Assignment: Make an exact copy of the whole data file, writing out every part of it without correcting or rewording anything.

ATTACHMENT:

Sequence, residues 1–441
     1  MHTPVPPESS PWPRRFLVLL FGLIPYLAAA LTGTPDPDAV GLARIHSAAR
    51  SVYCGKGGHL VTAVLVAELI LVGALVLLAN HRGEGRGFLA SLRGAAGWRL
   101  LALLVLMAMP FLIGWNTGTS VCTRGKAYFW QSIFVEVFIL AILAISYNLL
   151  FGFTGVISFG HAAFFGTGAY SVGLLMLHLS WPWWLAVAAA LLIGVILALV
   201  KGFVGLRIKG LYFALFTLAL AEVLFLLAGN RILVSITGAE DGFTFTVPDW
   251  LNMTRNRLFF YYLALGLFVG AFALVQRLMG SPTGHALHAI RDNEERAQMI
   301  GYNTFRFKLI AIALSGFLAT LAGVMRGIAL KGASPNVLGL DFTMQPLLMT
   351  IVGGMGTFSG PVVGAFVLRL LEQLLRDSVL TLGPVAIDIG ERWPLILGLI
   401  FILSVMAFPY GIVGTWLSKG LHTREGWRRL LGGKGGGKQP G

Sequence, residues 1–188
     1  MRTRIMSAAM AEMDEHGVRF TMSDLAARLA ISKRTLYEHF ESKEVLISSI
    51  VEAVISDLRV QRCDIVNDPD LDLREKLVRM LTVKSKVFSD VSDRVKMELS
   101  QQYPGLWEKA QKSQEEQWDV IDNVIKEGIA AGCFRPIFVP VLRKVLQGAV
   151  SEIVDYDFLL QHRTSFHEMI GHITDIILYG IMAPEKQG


Sequence, residues 1–441
     1  MHTPVPPESS PWPRRFLVLL FGLIPYLAAA LTGTPDPDAV GLARIHSAAR
    51  SVYCGKGGHL VTAVLVAELI LVGALVLLAN HRGEGRGFLA SLRGAAGWRL
   101  LALLVLMAMP FLIGWNTGTS VCTRGKAYFW QSIFVEVFIL AILAISYNLL
   151  FGFTGVISFG HAAFFGTGAY SVGLLMLHLS WPWWLAVAAA LLIGVILALV
   201  KGFVGLRIKG LYFALFTLAL AEVLFLLAGN RILVSITGAE DGFTFTVPDW
   251  LNMTRNRLFF YYLALGLFVG AFALVQRLMG SPTGHALHAI RDNEERAQMI
   301  GYNTFRFKLI AIALSGFLAT LAGVMRGIAL KGASPNVLGL DFTMQPLLMT
   351  IVGGMGTFSG PVVGAFVLRL LEQLLRDSVL TLGPVAIDIG ERWPLILGLI
   401  FILSVMAFPY GIVGTWLSKG LHTREGWRRL LGGKGGGKQP G

Sequence, residues 1–188
     1  MRTRIMSAAM AEMDEHGVRF TMSDLAARLA ISKRTLYEHF ESKEVLISSI
    51  VEAVISDLRV QRCDIVNDPD LDLREKLVRM LTVKSKVFSD VSDRVKMELS
   101  QQYPGLWEKA QKSQEEQWDV IDNVIKEGIA AGCFRPIFVP VLRKVLQGAV
   151  SEIVDYDFLL QHRTSFHEMI GHITDIILYG IMAPEKQG